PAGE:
In the final hours of Saturday early voting at the Finney County Clerk’s Office, one woman turned back to the office’s staff before leaving.
“Thank you for working Saturday so we can do this,” she said.
The afternoon was the tail end of the office’s new extended and additional voting hours for voter registration and early voting, part of the office’s attempt to make the polls more accessible to local voters.
Finney County Clerk Dori Munyan said she had received positive feedback about the hours from voters, some of whom initially didn’t realize early voting was an option.
The day before, one man had asked what time the office closed so his daughter could race over to vote, Munyan said. He was glad to hear Saturday was an option, she said.
“He said ‘Are you kidding me? That’s awesome.’ He was really excited. He said, ‘Now she doesn’t have to speed down here. I don’t have to worry about her,’” Munyan said.
Since early voting in Finney County opened Oct. 24, the office has seen higher turnout, averaging 160 to 170 voters per day, Munyan said. Compared to the August primary election, which brought in 300 early voters over three weeks, the results are “pretty incredible,” she said.
As of Saturday, the office had received 1,703 ballots: 279 mailed and 1,424 in person.
Area counties with smaller populations also have seen promising early voter participation. As of Friday, Grant County has seen 490 early voters since early voting opened on Oct. 22, Wichita County 115 early voters and 41 mailed-in ballots since Oct. 29, Greeley County 127 cast ballots since Oct. 30, Stanton County 85 early voters since Oct. 17 and Haskell County 42 mailed-in ballots since Oct. 23, according to their respective county clerks.
The extended hours for voting in Finney County, during which the clerk's office stayed open until 7 p.m. Oct. 25, the day of the Southwest Kansas Gubernatorial Debate, and Nov. 1, and from 10 a.m. to 3 p.m. on Saturday, brought in 128 early voters, Munyan said. Eighty-three of them came in Saturday.
Residents said they were pleased with how the county has handled the election this year, that the process itself was easier than expected and the clerk’s office staff were eager to help, though one man who voted Saturday said he wished he had heard about advanced voting options earlier.
Several residents filling out ballots Saturday were voting for the first time, including Miranda Ferrel, 19, and her mother, Genoveva Garcia, 47, who came to the office together. It took Garcia a long time to vote, she said, but it did matter.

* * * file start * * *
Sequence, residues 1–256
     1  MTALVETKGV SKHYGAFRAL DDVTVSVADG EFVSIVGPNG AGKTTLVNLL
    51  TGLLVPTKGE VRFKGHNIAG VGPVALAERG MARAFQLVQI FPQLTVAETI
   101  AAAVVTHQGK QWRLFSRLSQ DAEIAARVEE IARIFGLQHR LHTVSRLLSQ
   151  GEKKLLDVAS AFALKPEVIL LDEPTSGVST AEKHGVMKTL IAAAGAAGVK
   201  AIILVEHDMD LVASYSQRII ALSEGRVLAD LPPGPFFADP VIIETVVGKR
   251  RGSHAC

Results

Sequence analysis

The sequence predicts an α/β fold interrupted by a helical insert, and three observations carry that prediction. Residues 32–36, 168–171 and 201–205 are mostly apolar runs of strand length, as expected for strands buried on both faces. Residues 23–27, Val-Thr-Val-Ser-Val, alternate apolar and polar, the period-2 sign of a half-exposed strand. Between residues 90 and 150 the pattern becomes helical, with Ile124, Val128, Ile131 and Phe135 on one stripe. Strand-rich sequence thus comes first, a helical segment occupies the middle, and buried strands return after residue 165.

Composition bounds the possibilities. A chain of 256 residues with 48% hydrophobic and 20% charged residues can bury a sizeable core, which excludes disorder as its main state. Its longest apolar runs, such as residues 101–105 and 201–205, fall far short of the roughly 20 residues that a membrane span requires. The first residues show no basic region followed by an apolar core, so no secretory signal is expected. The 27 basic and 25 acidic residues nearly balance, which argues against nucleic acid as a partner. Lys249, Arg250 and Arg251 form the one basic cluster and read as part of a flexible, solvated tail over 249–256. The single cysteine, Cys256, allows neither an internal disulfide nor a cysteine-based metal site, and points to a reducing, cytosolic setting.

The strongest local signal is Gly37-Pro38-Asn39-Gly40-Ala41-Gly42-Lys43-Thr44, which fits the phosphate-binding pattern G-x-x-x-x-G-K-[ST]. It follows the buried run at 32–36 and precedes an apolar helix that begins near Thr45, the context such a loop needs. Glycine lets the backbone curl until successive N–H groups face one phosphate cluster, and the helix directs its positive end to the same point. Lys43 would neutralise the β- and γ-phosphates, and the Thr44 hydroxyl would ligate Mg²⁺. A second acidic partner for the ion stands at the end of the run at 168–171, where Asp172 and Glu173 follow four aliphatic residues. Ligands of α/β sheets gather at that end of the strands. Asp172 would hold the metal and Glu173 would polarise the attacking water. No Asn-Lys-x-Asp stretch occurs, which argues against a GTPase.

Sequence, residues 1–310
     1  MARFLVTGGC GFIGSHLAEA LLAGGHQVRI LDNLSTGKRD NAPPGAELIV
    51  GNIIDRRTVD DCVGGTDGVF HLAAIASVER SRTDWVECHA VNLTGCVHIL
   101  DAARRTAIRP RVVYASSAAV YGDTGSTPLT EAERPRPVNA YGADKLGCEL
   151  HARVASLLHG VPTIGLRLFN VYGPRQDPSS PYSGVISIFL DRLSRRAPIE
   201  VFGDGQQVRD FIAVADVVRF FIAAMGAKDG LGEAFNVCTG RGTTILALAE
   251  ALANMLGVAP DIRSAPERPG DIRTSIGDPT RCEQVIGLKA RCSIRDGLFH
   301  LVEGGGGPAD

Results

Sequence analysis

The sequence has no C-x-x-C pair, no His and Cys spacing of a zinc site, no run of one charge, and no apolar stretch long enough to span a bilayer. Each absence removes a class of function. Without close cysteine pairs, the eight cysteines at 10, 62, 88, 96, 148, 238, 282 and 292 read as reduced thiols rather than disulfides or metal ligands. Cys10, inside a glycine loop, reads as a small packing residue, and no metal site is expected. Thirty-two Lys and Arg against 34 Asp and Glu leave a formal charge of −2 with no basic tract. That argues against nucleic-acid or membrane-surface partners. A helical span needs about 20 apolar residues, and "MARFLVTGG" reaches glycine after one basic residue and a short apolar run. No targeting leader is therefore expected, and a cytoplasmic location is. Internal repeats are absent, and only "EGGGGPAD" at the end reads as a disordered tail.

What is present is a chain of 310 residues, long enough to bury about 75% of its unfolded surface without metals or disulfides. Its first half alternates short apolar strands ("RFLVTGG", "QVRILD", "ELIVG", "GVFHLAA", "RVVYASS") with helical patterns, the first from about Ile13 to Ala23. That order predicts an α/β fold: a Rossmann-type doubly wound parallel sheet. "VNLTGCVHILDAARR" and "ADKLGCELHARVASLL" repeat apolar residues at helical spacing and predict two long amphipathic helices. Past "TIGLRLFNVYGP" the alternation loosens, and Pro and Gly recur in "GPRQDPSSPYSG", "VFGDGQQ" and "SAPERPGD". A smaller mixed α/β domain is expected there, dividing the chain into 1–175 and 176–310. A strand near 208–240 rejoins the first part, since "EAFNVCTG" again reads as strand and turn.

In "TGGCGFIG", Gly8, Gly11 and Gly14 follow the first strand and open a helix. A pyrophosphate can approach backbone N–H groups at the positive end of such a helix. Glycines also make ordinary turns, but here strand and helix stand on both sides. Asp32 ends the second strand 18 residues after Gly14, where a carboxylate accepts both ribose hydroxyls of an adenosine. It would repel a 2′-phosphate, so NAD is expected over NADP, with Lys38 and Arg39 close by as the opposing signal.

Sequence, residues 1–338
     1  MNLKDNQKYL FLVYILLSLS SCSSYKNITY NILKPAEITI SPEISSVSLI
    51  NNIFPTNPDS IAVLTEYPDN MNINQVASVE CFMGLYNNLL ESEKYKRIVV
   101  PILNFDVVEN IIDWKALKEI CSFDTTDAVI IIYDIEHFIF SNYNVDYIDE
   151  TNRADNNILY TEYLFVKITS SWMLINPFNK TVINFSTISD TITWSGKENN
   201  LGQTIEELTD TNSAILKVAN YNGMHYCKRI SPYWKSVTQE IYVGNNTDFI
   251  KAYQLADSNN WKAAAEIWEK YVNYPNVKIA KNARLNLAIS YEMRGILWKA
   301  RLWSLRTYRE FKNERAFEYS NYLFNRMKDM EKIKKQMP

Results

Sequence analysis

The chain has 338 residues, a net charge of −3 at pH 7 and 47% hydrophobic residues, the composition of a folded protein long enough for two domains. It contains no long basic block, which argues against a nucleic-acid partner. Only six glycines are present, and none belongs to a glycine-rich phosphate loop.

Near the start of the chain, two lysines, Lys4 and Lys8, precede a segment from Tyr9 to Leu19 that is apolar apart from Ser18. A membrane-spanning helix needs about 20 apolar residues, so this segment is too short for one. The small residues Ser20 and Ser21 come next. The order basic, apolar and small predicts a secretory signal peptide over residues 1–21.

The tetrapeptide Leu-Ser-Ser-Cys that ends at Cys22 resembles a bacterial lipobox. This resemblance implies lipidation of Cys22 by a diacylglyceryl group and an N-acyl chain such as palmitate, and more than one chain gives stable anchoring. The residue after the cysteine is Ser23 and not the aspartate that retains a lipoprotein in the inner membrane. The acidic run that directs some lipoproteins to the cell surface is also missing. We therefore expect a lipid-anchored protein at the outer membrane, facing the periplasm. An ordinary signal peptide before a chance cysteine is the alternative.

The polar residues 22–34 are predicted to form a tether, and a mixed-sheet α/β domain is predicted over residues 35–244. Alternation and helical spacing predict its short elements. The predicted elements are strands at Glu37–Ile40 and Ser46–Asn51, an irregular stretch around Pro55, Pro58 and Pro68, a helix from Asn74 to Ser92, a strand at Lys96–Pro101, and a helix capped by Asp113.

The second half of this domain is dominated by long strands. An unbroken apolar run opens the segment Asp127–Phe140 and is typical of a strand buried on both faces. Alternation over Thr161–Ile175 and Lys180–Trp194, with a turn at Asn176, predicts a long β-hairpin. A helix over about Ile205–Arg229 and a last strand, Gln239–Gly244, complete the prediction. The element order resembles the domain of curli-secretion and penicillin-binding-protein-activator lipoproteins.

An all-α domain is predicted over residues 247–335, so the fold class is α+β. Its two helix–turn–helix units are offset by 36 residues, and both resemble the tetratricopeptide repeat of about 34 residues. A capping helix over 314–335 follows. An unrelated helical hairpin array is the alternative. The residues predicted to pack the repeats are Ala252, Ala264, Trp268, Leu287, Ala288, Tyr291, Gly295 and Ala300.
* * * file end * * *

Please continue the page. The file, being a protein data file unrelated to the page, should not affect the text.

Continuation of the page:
“I got on her saying that it should have been a lot earlier...” Ferrel said about her mom. “There needs to be change happening, and I think we need to vote in officials that we relate with.”
Jose Barillas of Garden City, committed to his Republican ticket, said he voted for the first time so his silence would not be mistaken for acceptance of Democratic policies he believed had moved too far to the left.
Voters came out on both sides of the aisle. Barillas was in favor of candidates that would support pro-life policies but not LGBTQ policies, while Ferrel and Garcia are more concerned with candidates that would acknowledge and take action against climate change.
Garden City resident Collin Altman was most concerned about the next governor’s tax code, wanting to move away from what former Gov. Sam Brownback had done.
Garden City High School teacher Dustin Hopkins said no specific race or issue had brought him to the polls, but rather his desire to vote.
“I’m a teacher, so I can’t tell my students to go vote if I’m not going to do it. It’s just one of those things I feel I need to do … It’s our civic duty,” he said.
Early voting will be available at the clerk’s office until noon Monday. Polls will be open from 7 a.m. to 7 p.m. on Election Day Tuesday, not at the clerk’s office, but at residents’ respective polling places. To find your polling place, check out resources on the Finney County Elections page or its interactive polling place map.
Contact Amber Friend at firstname.lastname@example.org.